Subsequently satellite tracking devices were developed, and made so compact that they comply with the regulation that they weigh no more than 3% of the bird’s body weight. They have the huge advantage of supplying continuous data, only ceasing when the battery fails or the device falls off. A Bar-tailed Godwit had one mounted on its back, and unlike the turnstone flew north to Alaska via the Yellow Sea, and returned by roughly the same route. The eastern subspecies, however, goes north and returns south via the East Pacific. Indeed one of the eastern subspecies flew non-stop from Australia to Alaska over nine days, the longest known non-stop flight, 11,500km, of any bird. Go Bar-tailed Godwits!
How do birds have enough energy for these amazing flights? Prior to leaving Australia Ruddy Turnstones increase their body weight by 50%. They store fat under the skin and in the body cavity around their internal organs. When fat stores are sufficient the bird stops eating, and any unnecessary muscle is resorbed, e.g. around the gizzard and gut. At stopovers they rest for a few days and then eat to refuel, as it were. Intertidal mudflats are the richest source of food available, hence all the refuelling sites are vital for shorebird populatons. Birds feed by touch (e.g. godwits) or by sight (e.g. plovers).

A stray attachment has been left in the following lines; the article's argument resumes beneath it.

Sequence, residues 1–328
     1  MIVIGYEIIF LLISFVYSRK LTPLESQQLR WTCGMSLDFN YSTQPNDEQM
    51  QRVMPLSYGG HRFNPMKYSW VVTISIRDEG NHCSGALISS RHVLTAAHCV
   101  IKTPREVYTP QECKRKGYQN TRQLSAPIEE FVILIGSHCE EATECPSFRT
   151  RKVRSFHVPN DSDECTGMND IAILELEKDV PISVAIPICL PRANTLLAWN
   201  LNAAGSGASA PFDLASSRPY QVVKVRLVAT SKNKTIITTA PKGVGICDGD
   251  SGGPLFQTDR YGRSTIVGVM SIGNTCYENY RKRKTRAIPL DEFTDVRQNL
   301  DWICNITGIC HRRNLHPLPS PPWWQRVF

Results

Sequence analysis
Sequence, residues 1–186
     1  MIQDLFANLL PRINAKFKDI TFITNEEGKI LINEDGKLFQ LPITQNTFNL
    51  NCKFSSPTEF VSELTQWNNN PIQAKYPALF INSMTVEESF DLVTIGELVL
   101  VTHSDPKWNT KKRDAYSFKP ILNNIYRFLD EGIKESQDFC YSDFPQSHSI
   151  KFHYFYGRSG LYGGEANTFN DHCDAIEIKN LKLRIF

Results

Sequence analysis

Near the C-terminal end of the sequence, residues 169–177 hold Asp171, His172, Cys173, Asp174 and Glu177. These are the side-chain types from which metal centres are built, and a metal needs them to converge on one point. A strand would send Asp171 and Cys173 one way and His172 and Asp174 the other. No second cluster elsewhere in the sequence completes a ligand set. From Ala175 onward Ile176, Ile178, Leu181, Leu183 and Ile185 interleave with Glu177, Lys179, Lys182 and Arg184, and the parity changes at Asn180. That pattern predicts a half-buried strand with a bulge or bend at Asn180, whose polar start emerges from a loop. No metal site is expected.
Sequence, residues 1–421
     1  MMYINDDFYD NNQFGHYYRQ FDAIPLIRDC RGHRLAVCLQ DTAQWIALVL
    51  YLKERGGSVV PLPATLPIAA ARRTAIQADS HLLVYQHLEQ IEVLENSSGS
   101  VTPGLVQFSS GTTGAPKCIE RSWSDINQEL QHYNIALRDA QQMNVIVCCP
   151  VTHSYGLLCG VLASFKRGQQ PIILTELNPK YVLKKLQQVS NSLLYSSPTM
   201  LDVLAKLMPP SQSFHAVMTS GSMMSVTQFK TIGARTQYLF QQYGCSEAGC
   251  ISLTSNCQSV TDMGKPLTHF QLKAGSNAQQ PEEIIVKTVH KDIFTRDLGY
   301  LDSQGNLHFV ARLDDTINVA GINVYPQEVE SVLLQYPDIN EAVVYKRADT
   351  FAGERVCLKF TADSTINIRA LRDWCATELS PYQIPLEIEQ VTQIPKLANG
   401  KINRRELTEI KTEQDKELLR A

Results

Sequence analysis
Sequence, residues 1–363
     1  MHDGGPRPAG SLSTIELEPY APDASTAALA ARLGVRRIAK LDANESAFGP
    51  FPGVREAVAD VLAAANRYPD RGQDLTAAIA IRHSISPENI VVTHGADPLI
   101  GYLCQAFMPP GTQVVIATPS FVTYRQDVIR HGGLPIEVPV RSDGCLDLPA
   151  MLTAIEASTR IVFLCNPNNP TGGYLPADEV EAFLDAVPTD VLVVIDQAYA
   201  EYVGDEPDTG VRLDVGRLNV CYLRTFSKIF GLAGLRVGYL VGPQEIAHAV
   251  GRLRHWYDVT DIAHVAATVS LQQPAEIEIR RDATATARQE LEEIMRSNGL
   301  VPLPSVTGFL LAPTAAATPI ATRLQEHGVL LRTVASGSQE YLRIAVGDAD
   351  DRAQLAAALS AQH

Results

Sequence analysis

Conservation measures are critical to arrest the decline in shorebirds. The Curlew Sandpiper has now been listed as Critically Endangered. Only 115,000 Curlew Sandpiper have been recorded in Australia in recent years, with a decline of 49% over the last 10 years; the main decline is in adult birds. The primary cause for this crash is thought to be China’s reclamation of the Yellow Sea, building bund walls and sand islands to accommodate their industrial development. Since the Global Financial Crisis in 2009 this expansion in China has steadied but the decline in shorebird numbers has continued.